Best laid plans…etc. I was going to religiously chronicle my writing all last week while up in Wark on the Northumberland Moors (well actually it was a cottage pretty much in the middle of no where 7 miles from Wark), but I got distracted, partly by the incredible location but mostly because, well, because I was writing!
The point of sending myself to the moors was to reduce distractions (very poor internet connection, so almost zero Facebook) so I had little to do but walk and write - mission accomplished! However, the most important gift I was able to give myself was time. Time to think, wander and muse. All I had to achieve was some material (a very generous five scenes) to take to the next session of R&D. I didn’t achieve all five scenes, but certainly enough material to give us something to work on. I was not having to rush or pressurise myself all I had to do was let the writing happen. And it did.
I also able to find a system. Afternoon - write. Anything. Evening - hate what I’d written, it’s rubbish. Morning - re-read, not terrible, tweak and fiddle, make it better. Afternoon - move on to a new bit and start the process again. This produced 30 or so pages of first draft material, some of it is questionable, the odd bit good, the bulk disposable, but plenty to allow me to the exciting bit which is ‘fixing it’. This system was made possible by time. Try doing that, however, in london when in the morning you have a load of emails, followed by earning money in the afternoon, then a meeting the next day, and plotting and planning future work in the evenings, and…so it goes on. But it is important to remind ourselves that these are things that everyone has to deal with whether you live in a city or the Outer Hebrides, we are all distracted; very few people’s situations are ideal for what they are doing with their lives.
However, last week taught me a huge amount. The actual writing time was smallish, maybe a couple to three hours at a time, the head space to work things out, unpick and re-sew, straighten the conceit and have the ease to throw stuff out, was, however, utterly invaluable. That, of course is harder to find once home, but it may/can can be found by allowing pockets of ‘not doing’ (to include stopping Facebook, Come Dine With Me, pointless job applications etc) and being a bit moe disciplined. Yes, two hours in stunning countryside walking and figuring (with voice-memo in phone on tap to record thoughts and changes as I wandered over hills - good discovery!) might be more attractive than the 10.31 to London Bridge, but you have to take what you can where where you (though I concede it is far from ideal).
What has the proved? That the time to actually write need not be great, you just need to have headspace to play in. Belief that you can actually do it is a start, but sitting and doing, proves that is possible, so…just do it.
And now, back in London, with noise, anxiety, deadlines, earning money etc - here begins the challenge. However, an absolutely key lesson from last week, putting aside the views, the space, the wood burning stove, the hills, the snow etc. was that when in full writing mode, I was only conscious of one thing, the world of the play.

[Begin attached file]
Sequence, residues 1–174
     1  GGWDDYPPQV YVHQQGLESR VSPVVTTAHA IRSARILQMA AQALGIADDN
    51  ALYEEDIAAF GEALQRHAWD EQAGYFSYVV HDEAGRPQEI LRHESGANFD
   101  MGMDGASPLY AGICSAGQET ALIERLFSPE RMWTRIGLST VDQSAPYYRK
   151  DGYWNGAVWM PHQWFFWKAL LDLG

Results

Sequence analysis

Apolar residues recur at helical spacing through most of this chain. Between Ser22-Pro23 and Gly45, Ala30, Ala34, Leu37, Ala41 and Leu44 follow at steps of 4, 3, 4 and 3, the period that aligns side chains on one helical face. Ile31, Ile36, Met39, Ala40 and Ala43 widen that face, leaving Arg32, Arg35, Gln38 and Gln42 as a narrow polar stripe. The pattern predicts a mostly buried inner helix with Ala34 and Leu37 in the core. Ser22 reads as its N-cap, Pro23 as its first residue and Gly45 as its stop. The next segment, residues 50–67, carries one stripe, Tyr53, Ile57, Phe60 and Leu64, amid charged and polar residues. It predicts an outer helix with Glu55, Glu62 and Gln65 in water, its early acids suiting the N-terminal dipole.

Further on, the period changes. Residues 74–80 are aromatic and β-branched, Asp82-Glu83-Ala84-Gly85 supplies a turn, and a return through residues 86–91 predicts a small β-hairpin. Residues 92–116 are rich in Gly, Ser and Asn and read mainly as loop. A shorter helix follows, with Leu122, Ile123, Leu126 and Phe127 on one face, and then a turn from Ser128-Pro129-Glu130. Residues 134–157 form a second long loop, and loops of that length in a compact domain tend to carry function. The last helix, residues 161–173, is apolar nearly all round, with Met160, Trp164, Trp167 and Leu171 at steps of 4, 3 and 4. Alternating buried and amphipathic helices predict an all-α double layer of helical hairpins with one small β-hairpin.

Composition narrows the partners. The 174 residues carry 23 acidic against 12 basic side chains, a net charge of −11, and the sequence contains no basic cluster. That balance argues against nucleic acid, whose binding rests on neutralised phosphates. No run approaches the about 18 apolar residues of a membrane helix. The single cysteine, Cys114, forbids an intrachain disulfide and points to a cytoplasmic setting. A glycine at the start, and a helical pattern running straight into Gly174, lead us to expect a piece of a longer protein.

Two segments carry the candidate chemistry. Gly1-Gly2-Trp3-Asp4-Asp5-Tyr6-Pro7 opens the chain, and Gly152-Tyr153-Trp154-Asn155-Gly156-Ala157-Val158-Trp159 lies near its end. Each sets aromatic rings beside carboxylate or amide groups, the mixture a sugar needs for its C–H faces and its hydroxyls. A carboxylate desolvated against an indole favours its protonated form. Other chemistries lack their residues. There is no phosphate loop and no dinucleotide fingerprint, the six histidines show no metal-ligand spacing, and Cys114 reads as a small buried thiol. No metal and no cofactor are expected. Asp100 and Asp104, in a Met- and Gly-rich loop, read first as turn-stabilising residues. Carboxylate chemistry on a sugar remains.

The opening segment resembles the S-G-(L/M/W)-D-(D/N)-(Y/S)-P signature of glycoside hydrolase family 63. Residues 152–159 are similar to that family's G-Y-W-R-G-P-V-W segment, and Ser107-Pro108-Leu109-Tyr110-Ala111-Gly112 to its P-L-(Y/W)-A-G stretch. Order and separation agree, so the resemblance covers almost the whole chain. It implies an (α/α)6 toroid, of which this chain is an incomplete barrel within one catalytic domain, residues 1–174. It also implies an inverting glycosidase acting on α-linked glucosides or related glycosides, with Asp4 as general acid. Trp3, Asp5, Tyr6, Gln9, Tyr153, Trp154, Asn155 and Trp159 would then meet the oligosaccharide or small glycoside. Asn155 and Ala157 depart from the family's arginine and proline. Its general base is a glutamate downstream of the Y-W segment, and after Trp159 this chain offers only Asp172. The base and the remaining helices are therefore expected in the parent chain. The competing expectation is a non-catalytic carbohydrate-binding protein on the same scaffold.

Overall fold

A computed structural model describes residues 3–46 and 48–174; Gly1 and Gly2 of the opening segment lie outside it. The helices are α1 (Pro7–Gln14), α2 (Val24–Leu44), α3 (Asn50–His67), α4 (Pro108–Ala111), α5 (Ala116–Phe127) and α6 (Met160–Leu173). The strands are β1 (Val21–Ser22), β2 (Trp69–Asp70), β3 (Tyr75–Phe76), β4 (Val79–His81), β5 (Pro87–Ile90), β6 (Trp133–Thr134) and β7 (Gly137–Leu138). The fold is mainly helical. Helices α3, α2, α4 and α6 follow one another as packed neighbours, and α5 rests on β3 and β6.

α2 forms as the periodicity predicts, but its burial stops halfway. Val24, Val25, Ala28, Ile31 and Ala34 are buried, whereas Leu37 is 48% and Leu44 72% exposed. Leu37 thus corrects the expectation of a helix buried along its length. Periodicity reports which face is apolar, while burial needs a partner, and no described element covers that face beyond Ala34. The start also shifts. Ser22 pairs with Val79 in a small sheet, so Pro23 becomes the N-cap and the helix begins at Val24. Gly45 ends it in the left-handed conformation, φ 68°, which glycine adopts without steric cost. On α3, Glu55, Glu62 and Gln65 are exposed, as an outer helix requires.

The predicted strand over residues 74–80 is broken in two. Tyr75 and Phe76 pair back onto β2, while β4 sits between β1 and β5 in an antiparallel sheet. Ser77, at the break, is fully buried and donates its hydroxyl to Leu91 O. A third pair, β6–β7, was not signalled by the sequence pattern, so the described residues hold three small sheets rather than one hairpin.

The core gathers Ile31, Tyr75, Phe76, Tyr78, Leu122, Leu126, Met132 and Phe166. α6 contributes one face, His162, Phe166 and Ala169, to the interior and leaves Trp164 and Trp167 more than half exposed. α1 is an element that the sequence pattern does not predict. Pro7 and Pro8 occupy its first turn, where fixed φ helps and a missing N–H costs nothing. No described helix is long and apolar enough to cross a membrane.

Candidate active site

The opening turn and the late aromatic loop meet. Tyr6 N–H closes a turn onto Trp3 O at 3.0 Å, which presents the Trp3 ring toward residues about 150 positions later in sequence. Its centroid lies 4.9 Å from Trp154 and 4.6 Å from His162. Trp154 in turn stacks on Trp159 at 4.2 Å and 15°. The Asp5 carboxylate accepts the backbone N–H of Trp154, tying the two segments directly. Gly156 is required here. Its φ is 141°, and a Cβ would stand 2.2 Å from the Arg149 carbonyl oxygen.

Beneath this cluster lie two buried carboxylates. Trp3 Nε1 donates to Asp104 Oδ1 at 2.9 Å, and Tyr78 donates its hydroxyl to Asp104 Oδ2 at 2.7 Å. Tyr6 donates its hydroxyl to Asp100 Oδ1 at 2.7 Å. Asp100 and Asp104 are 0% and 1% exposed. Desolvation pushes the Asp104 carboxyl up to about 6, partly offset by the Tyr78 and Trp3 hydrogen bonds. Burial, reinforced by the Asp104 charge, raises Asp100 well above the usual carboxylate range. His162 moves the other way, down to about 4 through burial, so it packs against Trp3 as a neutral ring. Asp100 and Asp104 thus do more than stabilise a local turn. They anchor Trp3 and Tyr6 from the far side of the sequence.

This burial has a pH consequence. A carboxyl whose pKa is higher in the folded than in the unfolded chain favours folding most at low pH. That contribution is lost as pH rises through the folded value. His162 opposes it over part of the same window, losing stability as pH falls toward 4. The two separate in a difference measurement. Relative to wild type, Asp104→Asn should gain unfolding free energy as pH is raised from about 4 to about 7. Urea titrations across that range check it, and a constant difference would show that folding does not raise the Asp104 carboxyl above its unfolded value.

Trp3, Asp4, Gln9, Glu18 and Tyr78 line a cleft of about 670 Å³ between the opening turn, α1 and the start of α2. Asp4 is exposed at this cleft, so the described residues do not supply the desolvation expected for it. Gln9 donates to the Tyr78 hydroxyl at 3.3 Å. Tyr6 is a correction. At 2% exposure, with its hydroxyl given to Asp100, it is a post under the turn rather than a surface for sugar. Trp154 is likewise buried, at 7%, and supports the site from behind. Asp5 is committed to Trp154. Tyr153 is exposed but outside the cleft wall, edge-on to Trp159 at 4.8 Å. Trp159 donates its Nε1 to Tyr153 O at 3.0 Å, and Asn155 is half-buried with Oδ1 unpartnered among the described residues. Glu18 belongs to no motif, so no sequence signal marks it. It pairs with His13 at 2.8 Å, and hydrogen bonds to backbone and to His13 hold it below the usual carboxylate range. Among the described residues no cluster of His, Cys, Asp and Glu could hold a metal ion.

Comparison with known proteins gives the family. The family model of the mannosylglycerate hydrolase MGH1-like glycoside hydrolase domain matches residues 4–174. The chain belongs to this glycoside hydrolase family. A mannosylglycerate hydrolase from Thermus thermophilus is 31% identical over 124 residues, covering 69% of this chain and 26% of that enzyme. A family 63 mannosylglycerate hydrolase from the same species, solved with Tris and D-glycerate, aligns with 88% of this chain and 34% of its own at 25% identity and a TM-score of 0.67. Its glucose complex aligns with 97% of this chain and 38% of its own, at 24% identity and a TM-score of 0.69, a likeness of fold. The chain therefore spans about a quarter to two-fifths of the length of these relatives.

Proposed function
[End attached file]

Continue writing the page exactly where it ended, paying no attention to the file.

So what to bring back home? Imagination goes with you everywhere, London or Northumberland, that doesn’t change, so use your time and let the writing, with the imagination, take you to a better place and simply play there.
View of some understandable distractions
David Bowie died last night. That’s a sadness to wake up to on a Monday especially on a week that began with such positivity and bodes such opportunity for creativity.
This is my holiday week, a week I have set aside to visit the moors of Northumberland to write. This is my time to get a synopsis and some material together for the next stage of R&D for The Haunted Man. This is an opportunity to walk, write, drink wine, eat cheese. I am assured that I will be forced to stay in my seat by the wonderful Kim until I have something down on paper (screen). I acknowledge it is a luxury and a privilege, and the only way I’m likely to find the discipline to concentrate. This is an opportunity to stop worrying about the emails, telephone calls, cleaning jobs, visiting the gym, looking at Facebook (just f@@k off with that one) and every other tool of procrastination that I can invent (and believe me I can invent many) and just feel and write.
The past 5 years have been full of change, London does that, it’s also been filled with treading water, London does that too. This city is distracting, noisy, confusing, wonderful, hateful, frustrating and very VERY unconnected, well, I’m not connecting with it anyway. So it’s time for something else, again, and that’s fine and great and exciting. So lets see what this week can do.
And Bowie dying? Well, I’m reminded this morning how listening to Bowie when younger, sitting in bedrooms, smoking Peter Stuyvesant cigarettes, laughing, dreaming, wearing stupid clothes and talking bollocks, was so positive was so creative. And we could do anything we wanted to because we didn’t check ourselves, and we were shown by Bowie that if one thing didn’t work/became boring/was a bit crap, you did something else. So, this week/year/life is about keeping moving and playing and making… something. Anything,. simply doing.